NASH BILL TO PROVIDE FOR LONG OVERDUE APOLOGY
A Labour Party Bill to have the State exonerate and apologise to gay men historically convicted of sexual offences will be debated in the Seanad on Wednesday afternoon.
The Conviction for Certain Sexual Offences (Apology and Exoneration) Bill 2016 states that the convictions are discriminatory, contrary to dignity and in breach of personal privacy and autonomy, and applies in consensual cases and involving those of the legal age.
Labour’s Equality spokesperson, Senator Ged Nash, who’s spearheading the Bill, said:
“Despite amazing social progress over recent decades, many injustices still exist in Irish society. And wherever we see injustice, we in the Labour Party will campaign for an end to it.
“An important part of delivering equality is coming to terms with the past. Just as new child protection procedures had to be accompanied by a reckoning for historical child abuse, justice requires that the same be true in other areas.
“Our State inherited from Britain the draconian laws we applied over the decades to persecute and prosecute gay men in particular. It took until the 1990s for Irish legislators to find the moral courage to do anything about this.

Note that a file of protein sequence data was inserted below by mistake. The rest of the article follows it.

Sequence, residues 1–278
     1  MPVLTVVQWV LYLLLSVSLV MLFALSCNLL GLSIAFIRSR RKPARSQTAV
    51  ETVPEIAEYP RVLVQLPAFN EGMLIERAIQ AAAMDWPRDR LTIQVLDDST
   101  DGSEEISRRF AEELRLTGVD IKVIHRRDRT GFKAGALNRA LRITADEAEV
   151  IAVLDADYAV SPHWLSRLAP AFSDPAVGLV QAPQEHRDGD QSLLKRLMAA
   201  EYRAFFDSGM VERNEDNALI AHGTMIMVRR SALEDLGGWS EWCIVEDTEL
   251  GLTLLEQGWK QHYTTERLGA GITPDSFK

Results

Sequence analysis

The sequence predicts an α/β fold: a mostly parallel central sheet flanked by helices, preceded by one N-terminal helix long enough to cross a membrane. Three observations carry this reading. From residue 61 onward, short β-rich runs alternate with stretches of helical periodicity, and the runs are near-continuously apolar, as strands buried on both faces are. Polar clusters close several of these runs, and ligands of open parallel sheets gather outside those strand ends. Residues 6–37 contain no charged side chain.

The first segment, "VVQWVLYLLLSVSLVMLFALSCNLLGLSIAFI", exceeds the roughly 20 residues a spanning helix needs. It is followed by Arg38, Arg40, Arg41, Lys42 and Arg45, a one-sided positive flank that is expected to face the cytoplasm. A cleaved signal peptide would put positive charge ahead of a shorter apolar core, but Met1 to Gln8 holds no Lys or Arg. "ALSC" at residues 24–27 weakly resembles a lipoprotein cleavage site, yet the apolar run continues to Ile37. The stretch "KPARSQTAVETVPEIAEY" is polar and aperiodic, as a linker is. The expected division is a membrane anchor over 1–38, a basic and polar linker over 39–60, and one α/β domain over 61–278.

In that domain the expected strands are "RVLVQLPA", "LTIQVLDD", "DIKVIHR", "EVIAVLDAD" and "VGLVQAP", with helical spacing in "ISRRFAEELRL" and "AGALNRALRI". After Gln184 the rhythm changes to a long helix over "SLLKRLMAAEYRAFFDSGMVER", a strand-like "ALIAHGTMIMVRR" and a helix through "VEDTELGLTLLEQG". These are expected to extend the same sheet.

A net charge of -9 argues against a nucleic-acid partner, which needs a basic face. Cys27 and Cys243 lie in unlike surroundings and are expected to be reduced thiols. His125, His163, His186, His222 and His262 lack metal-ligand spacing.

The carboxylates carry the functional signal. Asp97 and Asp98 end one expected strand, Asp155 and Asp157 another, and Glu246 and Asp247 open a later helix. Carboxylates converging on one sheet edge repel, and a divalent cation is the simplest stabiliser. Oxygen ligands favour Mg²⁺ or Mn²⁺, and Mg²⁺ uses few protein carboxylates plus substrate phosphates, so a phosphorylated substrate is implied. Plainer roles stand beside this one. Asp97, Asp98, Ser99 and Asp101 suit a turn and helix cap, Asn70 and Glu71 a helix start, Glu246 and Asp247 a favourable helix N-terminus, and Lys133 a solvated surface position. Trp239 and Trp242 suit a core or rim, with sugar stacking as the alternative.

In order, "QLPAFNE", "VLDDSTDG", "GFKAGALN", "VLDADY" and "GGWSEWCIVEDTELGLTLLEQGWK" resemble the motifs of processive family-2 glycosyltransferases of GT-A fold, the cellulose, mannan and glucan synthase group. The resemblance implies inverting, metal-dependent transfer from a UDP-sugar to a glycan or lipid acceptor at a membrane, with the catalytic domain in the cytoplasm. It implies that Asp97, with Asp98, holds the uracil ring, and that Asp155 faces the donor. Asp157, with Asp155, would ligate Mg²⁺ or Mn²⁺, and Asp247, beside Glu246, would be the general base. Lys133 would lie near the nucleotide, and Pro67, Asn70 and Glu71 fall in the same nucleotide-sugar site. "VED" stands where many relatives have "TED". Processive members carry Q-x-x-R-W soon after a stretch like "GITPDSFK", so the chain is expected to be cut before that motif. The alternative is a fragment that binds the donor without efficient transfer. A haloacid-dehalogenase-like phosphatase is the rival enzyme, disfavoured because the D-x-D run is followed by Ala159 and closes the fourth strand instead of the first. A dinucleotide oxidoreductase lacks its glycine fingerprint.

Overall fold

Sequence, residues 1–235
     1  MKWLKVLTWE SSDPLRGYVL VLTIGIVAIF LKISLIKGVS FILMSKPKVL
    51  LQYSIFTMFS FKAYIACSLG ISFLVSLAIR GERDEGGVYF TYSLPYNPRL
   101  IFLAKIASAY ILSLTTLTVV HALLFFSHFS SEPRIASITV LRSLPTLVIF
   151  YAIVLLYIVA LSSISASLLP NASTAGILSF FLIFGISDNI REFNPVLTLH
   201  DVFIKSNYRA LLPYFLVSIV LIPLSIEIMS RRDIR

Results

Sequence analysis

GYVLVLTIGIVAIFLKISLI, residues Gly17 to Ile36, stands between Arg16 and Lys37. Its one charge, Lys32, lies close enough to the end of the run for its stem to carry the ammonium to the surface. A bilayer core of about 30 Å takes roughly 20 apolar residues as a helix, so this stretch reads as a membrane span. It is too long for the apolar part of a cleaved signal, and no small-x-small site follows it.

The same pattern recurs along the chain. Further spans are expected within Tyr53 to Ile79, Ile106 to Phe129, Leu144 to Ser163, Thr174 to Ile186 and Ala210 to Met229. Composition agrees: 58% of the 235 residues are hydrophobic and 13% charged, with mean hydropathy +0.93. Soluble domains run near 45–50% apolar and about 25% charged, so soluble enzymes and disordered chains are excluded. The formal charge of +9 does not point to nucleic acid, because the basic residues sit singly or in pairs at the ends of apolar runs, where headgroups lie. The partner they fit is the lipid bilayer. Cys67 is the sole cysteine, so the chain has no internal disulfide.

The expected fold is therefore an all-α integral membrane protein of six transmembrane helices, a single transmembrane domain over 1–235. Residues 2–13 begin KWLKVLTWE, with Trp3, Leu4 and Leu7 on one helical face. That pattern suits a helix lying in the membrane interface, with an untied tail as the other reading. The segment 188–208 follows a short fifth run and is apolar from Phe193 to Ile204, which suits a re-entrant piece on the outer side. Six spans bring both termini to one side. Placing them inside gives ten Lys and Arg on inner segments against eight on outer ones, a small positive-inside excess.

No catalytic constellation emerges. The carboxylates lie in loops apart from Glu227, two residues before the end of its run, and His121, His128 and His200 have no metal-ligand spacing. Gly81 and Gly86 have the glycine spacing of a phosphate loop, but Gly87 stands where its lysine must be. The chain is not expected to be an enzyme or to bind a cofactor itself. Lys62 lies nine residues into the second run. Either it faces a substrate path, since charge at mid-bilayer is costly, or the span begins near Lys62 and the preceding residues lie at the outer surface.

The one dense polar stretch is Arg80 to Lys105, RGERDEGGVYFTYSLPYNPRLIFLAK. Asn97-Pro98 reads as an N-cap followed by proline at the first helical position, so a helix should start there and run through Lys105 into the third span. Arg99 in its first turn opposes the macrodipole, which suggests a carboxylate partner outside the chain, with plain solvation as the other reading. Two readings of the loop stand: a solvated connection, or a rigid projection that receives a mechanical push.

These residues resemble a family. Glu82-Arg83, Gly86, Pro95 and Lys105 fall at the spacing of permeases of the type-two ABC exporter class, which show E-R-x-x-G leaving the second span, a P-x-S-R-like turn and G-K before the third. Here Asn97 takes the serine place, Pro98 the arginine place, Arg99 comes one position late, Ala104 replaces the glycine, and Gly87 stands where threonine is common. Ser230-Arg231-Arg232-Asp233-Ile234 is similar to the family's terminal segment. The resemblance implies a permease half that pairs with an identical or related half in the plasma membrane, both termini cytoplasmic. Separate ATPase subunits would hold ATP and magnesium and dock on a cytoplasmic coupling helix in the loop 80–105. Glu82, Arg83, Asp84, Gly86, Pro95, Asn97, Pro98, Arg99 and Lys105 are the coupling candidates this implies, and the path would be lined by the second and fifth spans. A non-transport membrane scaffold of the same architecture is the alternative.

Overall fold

“In that time, hundreds of Irish citizens – our brothers, fathers, uncles, cousins and friends – were convicted under our cruel and antiquated homophobic laws. These Irish citizens who were harassed and tormented by a State and culture that officially treated them with hostility, derision and ridicule. They are owed an apology.
“As is happening in England and Wales and even Northern Ireland, law-makers here should support legislation to apologise to and exonerate those who were convicted of sexual offences before 1993, who would be innocent of committing any crime today.
“Nothing we do or say now will ever truly make up for the hurt and marginalisation which official Ireland imposed on gay citizens for decades, and which caused so many people to live with a crushing and enduring fear of being ‘found out’. But in apologising for what we did in the past, and acknowledging that it was wrong, we might ease some of that pain.”